There are two fundamental approaches to dissolving your marriage.
The first, most common approach is divorce litigation. This is when you and your attorney square off against your former spouse in front of a judge to determine child custody, child support, alimony, and other issues. It’s a contentious, painful process that is expensive—not only in attorney fees—but in the cost to you, your children, and your emotional stamina.
Is it possible to get a divorce…and still remain friends?
Not every divorce has to end up with a prolonged court battle. The good news is that most divorcing couples don’t want their lives to mirror a tawdry television show. They recognize that their marriage has come to an end, but are wise enough not to spread the hurt around, especially if they have children.
The solution, then, is something called an amicable, or friendly divorce. And while the couple still needs to consult with a divorce lawyer or attorney, they will primarily be working with a divorce mediator.
Most parents who are going through a separation and divorce are well-intentioned and want to do right by their children. However, sometimes parents don’t know what to do or say and they struggle to control their emotional reactions.
One of my goals as a divorce attorney is to help families break the cycle of familial conflict. To that end, I participated in a project to help parents minimize the trauma of separation and divorce.
Your wedding is a matter of public record. So is a divorce.
Chances are, you celebrated your marriage gleefully, with much joy.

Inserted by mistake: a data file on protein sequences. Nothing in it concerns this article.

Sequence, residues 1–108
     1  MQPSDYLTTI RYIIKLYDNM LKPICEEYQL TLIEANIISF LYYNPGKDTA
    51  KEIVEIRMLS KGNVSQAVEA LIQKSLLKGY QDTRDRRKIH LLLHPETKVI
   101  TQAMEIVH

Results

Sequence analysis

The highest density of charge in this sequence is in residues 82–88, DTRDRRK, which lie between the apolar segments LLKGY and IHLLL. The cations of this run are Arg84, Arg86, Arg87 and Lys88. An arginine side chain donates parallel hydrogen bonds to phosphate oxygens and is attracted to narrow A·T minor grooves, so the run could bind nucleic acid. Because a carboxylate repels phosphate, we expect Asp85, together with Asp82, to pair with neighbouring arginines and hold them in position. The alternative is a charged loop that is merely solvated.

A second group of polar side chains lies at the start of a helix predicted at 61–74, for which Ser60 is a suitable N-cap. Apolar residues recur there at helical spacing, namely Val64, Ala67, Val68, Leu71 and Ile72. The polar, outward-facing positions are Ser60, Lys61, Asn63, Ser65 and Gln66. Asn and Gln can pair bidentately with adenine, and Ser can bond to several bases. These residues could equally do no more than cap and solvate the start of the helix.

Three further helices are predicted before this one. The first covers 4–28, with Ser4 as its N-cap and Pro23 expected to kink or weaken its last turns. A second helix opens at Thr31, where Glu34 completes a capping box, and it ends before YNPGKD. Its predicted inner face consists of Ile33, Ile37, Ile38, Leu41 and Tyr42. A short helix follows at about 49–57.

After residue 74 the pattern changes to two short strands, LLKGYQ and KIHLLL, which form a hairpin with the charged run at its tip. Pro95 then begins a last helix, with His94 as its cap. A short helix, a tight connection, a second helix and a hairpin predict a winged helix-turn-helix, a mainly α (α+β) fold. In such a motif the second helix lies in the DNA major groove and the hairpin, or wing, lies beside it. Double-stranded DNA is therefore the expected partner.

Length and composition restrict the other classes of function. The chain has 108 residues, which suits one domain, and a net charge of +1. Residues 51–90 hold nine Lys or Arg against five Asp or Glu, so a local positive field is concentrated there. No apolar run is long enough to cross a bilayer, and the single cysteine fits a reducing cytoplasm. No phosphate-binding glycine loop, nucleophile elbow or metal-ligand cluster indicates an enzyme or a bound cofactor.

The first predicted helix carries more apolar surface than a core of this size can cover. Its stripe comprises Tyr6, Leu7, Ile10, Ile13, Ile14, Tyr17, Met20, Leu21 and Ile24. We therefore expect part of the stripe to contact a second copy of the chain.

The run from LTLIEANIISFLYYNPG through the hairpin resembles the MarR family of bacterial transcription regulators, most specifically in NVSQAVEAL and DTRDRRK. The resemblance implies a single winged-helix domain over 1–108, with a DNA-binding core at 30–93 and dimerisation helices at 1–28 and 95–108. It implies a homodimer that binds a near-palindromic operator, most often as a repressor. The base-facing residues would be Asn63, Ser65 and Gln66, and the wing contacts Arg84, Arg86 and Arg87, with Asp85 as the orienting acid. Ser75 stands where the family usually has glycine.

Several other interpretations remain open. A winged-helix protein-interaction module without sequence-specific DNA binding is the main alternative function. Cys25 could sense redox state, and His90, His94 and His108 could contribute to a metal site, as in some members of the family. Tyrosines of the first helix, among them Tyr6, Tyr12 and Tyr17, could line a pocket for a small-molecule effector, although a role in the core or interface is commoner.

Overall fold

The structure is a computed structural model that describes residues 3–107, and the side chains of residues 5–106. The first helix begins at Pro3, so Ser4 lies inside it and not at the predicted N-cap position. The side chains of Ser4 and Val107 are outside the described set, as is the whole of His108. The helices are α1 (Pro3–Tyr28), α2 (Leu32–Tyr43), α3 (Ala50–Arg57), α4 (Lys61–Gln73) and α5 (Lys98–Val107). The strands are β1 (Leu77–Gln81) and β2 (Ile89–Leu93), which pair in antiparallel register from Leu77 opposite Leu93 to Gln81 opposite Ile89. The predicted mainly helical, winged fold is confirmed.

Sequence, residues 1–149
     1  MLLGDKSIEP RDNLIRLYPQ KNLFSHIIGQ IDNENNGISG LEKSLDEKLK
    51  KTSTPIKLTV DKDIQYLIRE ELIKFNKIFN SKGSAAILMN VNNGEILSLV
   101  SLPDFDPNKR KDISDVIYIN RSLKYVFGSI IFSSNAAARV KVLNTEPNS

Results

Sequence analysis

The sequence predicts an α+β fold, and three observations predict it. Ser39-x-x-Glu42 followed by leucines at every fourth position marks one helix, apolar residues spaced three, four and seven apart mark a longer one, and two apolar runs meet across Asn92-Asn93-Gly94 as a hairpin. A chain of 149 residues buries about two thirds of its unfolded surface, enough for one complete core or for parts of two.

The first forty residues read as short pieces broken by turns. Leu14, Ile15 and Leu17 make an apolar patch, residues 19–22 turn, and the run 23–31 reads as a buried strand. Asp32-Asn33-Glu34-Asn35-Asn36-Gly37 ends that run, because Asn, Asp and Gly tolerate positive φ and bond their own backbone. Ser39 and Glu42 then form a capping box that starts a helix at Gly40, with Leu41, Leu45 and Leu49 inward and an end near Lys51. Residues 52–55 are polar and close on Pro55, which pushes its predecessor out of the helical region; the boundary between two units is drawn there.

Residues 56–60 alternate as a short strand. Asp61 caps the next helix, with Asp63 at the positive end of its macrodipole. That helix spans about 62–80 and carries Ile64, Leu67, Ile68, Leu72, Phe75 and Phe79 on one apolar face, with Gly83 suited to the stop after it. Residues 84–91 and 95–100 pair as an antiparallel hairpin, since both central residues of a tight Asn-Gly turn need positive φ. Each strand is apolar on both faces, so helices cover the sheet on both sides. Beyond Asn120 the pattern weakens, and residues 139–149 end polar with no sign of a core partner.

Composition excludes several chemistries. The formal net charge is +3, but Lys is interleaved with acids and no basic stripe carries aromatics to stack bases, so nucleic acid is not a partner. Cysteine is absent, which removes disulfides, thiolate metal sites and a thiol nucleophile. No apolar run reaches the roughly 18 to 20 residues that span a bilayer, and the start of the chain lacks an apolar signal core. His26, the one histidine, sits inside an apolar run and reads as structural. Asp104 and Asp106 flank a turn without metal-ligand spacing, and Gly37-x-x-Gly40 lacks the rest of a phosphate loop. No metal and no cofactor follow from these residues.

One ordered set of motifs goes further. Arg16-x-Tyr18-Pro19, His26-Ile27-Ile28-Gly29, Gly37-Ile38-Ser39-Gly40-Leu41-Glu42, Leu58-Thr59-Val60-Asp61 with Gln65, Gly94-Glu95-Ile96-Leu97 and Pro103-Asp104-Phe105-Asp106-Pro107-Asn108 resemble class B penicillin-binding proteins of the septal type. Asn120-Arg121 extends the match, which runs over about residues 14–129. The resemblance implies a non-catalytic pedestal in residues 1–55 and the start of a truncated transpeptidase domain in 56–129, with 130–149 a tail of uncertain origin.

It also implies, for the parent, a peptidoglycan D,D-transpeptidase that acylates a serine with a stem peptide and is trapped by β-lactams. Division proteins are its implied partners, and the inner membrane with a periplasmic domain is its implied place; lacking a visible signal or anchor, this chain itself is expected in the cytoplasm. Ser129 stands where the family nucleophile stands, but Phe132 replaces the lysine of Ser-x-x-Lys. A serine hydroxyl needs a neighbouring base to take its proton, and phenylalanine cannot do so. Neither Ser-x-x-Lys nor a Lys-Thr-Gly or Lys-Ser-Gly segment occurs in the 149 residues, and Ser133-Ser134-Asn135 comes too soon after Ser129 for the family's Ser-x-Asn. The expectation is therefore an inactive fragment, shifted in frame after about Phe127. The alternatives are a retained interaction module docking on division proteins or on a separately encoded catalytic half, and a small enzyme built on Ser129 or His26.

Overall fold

Most couples don’t celebrate the end of their relationship by choosing tableware. There is no divorce registry, no one throws rice as you drive away from the courthouse, divorce decree in hand.
Her choice of words sparked media frenzy, but in the end, Gwyneth Paltrow got it right.
Surviving the holiday season is a challenge for most of us, but if you are in the middle of a marital meltdown, you’re likely feeling less than jolly.
The divorce attorneys at CT Mediation Center want to share some suggestions on how to get through this difficult patch with peace and goodwill.
A successful divorce mediator wears many hats in the divorce process. Following are some of the more fundamental and important responsibilities.
One of the first and most important questions divorce mediation or collaborative divorce clients asks is, “How do we tell the children about our divorce?” The answer to this most important question is complex. There is not one clear or a simple “one size fits all” answer. How you tell your children about divorce depends entirely on your individual and unique family circumstance.
A divorce mediator has many responsibilities. Their primary responsibility is to facilitate communication and negotiation throughout the divorce process. They do this by remaining neutral and focusing on keeping the lines of communication open during what can be one of the most stressful periods of each spouses life. Following are some specific skills required of successful divorce mediators.